These Sweet Photos of Honeybees Will Make You Love Them

© Photograph by Anand Varma, Nat Geo Image Collection

The birds and the bees – As bees visit flowers to collect food, pollen from one flower sticks to the hairs on the bee’s body and gets left behind at the next flower. This helps the plants reproduce.

© Photograph by Tim Laman, Nat Geo Image Collection

Honey hunters

A man in Bangladesh uses smoke to subdue wild honeybees and a bush knife to cut the comb from a tree. During this harvest season, honey hunters will make about a third of their yearly income.

© Photograph by Anand Varma, Nat Geo Image Collection

You can call me queen bee

Each colony has one queen. After she hatches, she goes on her mating flight and stores up to six million sperm in her abdomen. She will then lay 2,000 eggs a day, controlling whether the egg will turn into a female or male.

© Photograph by Anand Varma, Nat Geo Image Collection

Honey money

Commercial beekeepers, like Bret Adee in this photo, truck their thousands of hives all over the country to pollinate different commercial crops. Honeybees are responsible for bringing $15 billion to the U.S. economy.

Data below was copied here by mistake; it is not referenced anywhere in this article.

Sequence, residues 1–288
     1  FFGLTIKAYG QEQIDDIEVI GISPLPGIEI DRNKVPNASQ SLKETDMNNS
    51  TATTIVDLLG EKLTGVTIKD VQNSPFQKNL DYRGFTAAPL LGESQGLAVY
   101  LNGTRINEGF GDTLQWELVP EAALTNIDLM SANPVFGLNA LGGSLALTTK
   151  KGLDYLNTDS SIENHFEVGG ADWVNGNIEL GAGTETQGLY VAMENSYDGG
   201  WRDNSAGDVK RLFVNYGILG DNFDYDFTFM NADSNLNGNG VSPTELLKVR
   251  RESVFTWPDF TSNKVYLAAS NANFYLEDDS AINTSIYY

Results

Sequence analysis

© Photograph by Scott Leslie, Minden Pictures/National Geographic

Pollen pants

A bee collects pollen in stiff hairs on her legs, known as pollen baskets. This will be used as food for developing bees. The nectar, which she sucks up through her proboscis, is stored back in the hive, where it evaporates into honey.

© Photograph by Amy Toensing, Nat Geo Image Collection

To bee or not to bee

Some beekeepers wear a full suit with gloves, others only a veil, and others no protective clothing at all. After a few stings, the body builds tolerance so the reaction becomes next-to-nothing.

© Photograph by Karine Aigner, Nat Geo Image Collection

Water wings

Just like every other living thing, honeybees need water to survive. During the summer, a hive needs at least liter of water per day.

© Photograph by Anand Varma, Nat Geo Image Collection

Hexagonal Home

This photo shows pupae developing into adult bees. When 10 days old, bees secrete wax, which they then use to build honeycomb in perfect hexagons. Why the hexagon? It provides the most amount of space using the least amount of wax.

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